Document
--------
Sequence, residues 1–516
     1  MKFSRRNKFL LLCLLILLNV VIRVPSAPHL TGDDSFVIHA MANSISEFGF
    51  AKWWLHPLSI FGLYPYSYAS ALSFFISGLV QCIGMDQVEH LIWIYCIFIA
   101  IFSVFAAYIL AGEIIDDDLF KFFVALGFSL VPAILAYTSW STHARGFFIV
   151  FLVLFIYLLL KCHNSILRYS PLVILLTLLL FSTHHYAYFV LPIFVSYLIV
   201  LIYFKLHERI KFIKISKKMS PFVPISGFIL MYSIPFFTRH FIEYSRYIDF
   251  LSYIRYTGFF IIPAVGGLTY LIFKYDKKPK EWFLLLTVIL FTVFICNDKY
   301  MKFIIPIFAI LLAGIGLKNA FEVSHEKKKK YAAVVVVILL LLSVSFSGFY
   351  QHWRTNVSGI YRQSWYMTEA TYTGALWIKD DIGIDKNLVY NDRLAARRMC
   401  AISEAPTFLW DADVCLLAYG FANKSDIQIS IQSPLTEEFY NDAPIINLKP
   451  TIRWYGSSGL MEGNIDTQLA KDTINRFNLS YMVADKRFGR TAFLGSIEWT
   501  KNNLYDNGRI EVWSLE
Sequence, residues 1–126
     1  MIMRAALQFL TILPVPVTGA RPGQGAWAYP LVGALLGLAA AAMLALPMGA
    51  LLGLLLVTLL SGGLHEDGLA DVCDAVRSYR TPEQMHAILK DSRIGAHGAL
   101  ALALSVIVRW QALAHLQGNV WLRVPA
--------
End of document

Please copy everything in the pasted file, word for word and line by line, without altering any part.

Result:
Sequence, residues 1–516
     1  MKFSRRNKFL LLCLLILLNV VIRVPSAPHL TGDDSFVIHA MANSISEFGF
    51  AKWWLHPLSI FGLYPYSYAS ALSFFISGLV QCIGMDQVEH LIWIYCIFIA
   101  IFSVFAAYIL AGEIIDDDLF KFFVALGFSL VPAILAYTSW STHARGFFIV
   151  FLVLFIYLLL KCHNSILRYS PLVILLTLLL FSTHHYAYFV LPIFVSYLIV
   201  LIYFKLHERI KFIKISKKMS PFVPISGFIL MYSIPFFTRH FIEYSRYIDF
   251  LSYIRYTGFF IIPAVGGLTY LIFKYDKKPK EWFLLLTVIL FTVFICNDKY
   301  MKFIIPIFAI LLAGIGLKNA FEVSHEKKKK YAAVVVVILL LLSVSFSGFY
   351  QHWRTNVSGI YRQSWYMTEA TYTGALWIKD DIGIDKNLVY NDRLAARRMC
   401  AISEAPTFLW DADVCLLAYG FANKSDIQIS IQSPLTEEFY NDAPIINLKP
   451  TIRWYGSSGL MEGNIDTQLA KDTINRFNLS YMVADKRFGR TAFLGSIEWT
   501  KNNLYDNGRI EVWSLE
Sequence, residues 1–126
     1  MIMRAALQFL TILPVPVTGA RPGQGAWAYP LVGALLGLAA AAMLALPMGA
    51  LLGLLLVTLL SGGLHEDGLA DVCDAVRSYR TPEQMHAILK DSRIGAHGAL
   101  ALALSVIVRW QALAHLQGNV WLRVPA